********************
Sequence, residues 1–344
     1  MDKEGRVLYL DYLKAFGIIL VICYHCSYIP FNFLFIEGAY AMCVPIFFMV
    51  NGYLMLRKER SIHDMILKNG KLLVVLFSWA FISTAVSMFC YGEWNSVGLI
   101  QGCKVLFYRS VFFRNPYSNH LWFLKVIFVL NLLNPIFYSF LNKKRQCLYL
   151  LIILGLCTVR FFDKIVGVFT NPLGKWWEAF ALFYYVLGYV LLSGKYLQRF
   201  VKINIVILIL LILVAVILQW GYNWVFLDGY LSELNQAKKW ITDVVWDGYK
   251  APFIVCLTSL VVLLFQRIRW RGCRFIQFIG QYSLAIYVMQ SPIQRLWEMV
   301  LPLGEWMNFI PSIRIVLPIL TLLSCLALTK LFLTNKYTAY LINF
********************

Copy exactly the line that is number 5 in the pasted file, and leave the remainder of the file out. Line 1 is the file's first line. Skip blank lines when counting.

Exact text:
   151  LIILGLCTVR FFDKIVGVFT NPLGKWWEAF ALFYYVLGYV LLSGKYLQRF